For many Native people in the U.S. and beyond, this is a time of year to tell stories with string.
And it’s important to note that in many cases these are winter-only stories, to the point that some videos about the string figures are only posted online in the winter months.
When spring comes, they’re put away along with the string.
According to Indian Country Today, traditions involving string and stories, sometimes called “string games,” have been found in Indigenous communities across the world.
In some places string figures were good luck charms; in others, they were a popular art form, with contests among skilled designers.
Often, as in the Navajo tradition, they were, and are, part of storytelling.
Navajo oral tradition says the string figures originated with Na’ashjé’ii Asdzéé, a figure known in English as Grandmother Spider or Spider Woman.
It’s said she wove string together the way a spider wove a web.
The string figures are only for the winter out of respect for spiders, insects and other creatures who are inside the earth, resting, in the cold.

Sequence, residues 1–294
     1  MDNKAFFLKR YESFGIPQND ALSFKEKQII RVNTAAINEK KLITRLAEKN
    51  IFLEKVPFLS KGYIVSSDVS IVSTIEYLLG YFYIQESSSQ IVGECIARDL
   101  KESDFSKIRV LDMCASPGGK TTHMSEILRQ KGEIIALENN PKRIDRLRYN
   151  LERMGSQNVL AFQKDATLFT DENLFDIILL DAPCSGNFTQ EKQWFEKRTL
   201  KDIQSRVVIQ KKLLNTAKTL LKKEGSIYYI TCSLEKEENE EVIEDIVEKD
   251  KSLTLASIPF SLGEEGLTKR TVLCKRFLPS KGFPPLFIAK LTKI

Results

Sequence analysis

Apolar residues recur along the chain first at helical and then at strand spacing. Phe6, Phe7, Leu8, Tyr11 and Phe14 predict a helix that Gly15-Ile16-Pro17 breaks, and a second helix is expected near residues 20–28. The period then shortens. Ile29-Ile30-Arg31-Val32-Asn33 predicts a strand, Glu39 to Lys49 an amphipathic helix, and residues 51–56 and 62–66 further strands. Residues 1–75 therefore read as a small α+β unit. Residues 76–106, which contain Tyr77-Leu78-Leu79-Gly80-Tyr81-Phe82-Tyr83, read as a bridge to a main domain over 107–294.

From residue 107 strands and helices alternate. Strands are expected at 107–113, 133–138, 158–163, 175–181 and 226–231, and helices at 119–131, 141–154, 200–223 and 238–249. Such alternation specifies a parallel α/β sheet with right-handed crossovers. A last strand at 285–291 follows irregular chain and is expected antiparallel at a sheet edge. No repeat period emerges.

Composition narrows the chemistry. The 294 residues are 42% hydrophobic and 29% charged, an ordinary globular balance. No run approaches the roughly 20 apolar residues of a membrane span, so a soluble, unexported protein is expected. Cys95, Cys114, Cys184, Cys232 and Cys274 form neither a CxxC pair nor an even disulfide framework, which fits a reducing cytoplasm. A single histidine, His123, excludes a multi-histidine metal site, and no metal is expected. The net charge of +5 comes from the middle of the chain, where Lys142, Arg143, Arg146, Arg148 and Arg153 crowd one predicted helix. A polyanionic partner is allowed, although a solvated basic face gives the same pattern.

Storytellers use the string to teach Navajo culture and history to younger generations.
Those who practice string figures say it also helps teach kids patience and focus, especially when they try to make figures themselves.
And they’re having fun while they do it.
After all, good stories can bring families and communities together.
I’m not the expert here, so check out the video above and the links below to more about this winter tradition.
Today in 1905, the birthday of actor Howard McNear, best known for playing Floyd the Barber on “The Andy Griffith Show.”
His birthday is a convenient reason to point out that you can visit Forest Grove, Oregon, to see the world’s tallest barber pole, 70 feet high.
The pole is not a tribute to Floyd, but a tribute to the town’s commitment to preserving barbershop quartet music.
‘String games’ arrive with the snow (Indian Country Today)
Forest Grove, Oregon: World’s Tallest Barber Shop Pole (Roadside America)